“Not All Who Wander Are Lost”
When I set out on my digital nomad journey three years ago, I had no specific intention or purpose around it. That is just how I always wanted to live and I didn’t hesitate when the opportunity to do so presented itself out of nowhere.
And so, I’ve been enjoying wandering around the world, seeing amazing architecture, eating food I’ve never heard of before, swimming in remote crystal clear waters, participating in magical festivals, climbing mountains, and more. I was open to whatever I encountered.
I wasn’t looking for anything. After all, how can you look for something when you don’t even know what’s out there! And that is how I found Ayurveda, ancient Indian medicine, the Science of Life. Or maybe it found me.
Out of all the things I’ve encountered and experienced, I realized recently that Ayurveda is the most impactful. The thing that I secretly wanted to find, but didn’t know I was looking for in the first place!
The more I’ve been learning and implementing Ayurveda in my life, no matter how ridiculous some of the suggestions sound, the more health and clarity I gain. At this point, I feel like it has given me a second chance in life.
One of the most impactful books I read recently was Tales of a Female Nomad by Rita Golden Gelman, the most fascinating nomad story that I cannot recommend enough. While I’m not going to travel in the same way as the author because it is not the right style for me personally, what I really took away from the book is that there’s lots of time to slow down and learn as a nomad.
When I set out on my nomad adventure, I thought I was traveling slowly because I planned to be in one place from 1 - 3 months. After all, many other nomads on the Internet travel to a new place as often as every week! In contrast, Rita Golden Gelman started traveling at age 48, and was in no hurry. She spent 8 years in Bali learning from her spiritual guru for example. And here I am, at 30, thinking my life and career is set.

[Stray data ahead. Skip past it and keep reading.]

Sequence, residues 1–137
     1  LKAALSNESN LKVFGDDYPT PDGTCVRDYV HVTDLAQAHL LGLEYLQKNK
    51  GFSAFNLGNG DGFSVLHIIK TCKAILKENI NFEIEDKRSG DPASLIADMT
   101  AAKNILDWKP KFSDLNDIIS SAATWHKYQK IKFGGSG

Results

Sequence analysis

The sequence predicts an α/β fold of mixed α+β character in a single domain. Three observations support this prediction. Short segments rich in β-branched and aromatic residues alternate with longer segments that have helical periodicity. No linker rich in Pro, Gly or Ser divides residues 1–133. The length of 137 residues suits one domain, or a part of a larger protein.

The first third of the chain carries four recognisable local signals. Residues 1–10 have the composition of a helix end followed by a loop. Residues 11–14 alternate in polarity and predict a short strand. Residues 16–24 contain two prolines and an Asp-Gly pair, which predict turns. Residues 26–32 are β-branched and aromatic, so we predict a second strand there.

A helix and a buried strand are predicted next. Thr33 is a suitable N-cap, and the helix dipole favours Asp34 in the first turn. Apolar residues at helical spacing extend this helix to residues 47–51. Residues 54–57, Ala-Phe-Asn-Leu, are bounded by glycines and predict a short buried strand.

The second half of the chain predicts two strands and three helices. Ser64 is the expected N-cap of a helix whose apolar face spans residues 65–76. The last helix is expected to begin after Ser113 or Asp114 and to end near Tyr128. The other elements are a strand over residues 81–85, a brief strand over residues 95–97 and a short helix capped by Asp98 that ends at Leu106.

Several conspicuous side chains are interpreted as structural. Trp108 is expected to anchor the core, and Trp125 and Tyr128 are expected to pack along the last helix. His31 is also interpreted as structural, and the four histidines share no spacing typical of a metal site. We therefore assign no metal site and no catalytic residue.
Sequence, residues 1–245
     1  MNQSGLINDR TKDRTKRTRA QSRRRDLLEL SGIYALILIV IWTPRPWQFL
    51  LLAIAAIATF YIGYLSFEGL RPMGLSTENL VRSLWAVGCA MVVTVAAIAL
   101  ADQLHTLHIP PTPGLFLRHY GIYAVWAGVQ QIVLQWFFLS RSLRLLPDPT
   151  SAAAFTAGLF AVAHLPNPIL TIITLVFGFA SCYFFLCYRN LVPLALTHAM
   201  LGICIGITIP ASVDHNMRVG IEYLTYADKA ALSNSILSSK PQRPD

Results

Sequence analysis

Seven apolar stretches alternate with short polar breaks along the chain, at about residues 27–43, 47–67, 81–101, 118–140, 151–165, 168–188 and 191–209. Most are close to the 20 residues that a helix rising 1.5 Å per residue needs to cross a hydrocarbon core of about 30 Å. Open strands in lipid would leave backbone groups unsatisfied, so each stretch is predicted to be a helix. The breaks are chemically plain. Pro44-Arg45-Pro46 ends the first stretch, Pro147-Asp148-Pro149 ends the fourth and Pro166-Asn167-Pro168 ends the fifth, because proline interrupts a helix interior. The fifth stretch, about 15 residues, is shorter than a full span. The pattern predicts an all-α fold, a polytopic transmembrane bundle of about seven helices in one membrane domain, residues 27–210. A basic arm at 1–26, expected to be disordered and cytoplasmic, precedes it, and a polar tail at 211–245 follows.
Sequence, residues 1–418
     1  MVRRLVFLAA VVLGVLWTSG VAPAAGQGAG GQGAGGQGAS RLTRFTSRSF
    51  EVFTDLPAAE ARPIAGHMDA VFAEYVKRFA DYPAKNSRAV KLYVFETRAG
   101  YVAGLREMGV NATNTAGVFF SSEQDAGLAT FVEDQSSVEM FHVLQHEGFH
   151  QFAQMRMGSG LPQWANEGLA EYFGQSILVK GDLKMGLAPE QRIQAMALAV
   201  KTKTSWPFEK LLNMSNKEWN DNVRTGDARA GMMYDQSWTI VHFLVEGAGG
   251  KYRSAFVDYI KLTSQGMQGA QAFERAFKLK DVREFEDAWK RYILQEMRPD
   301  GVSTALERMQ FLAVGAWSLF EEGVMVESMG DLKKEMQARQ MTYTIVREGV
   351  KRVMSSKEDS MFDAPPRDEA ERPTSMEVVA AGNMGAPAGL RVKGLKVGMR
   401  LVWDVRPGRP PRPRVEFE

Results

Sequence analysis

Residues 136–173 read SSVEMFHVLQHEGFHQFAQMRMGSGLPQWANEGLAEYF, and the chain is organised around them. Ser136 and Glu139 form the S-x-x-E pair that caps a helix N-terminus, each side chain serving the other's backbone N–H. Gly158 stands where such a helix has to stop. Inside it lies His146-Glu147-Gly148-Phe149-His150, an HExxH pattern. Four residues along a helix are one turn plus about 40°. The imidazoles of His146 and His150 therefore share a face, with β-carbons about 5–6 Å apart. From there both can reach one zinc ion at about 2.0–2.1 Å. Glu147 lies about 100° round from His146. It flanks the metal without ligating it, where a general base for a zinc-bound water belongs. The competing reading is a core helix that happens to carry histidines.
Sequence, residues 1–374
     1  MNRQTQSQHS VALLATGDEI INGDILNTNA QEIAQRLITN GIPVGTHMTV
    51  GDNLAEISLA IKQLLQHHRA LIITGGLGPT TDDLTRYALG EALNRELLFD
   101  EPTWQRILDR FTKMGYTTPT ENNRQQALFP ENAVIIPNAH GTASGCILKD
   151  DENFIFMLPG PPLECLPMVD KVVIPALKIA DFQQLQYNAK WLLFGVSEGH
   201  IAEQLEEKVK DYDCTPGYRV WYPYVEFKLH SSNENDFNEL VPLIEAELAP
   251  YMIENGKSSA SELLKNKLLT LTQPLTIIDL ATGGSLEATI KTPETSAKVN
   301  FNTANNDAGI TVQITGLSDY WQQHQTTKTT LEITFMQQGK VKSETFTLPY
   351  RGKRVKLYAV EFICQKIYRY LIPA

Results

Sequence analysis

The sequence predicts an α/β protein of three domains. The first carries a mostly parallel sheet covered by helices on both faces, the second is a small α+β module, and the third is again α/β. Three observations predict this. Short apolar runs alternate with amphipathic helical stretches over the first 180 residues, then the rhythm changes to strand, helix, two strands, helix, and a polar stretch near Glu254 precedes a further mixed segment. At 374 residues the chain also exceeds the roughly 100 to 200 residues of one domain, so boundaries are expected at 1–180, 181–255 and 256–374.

Well, it’s not! I’ve never been scared to learn something new and take a new path in life. I have plenty of time and I want to use it to keep learning things that fascinate me. Currently, that thing is Ayurveda.
Starting in October, I will be attending an intensive 1-year course at The Ayurvedic Institute in New Mexico. If I like it, I’ll continue studying for another year!
Why New Mexico and not India? The main reason is that I have many ideas around how to bring Ayurveda to the U.S., and I need to understand the specific challenges and legal issues in doing so. If I like it, I can continue my studies in India in the future.
And just like that, I now have an apartment! When I tweeted this, some people asked me if this was forever. As a digital nomad, I will of course tell you that nothing is forever! The only constant in life is change :)
Being a digital nomad doesn’t mean that you have to travel X times a year to X number of countries. It is a mindset. Living in a way that you can leave and go anywhere the wind blows. It is not easy for most people to drop everything, take a year off, and just live in New Mexico and study a seemingly random topic such as Ayurveda for a year. But because I am a nomad, living a life of few attachments, it is very easy for me to do so. And I will continue living in this way, even if I’m largely stationary for the next year or two.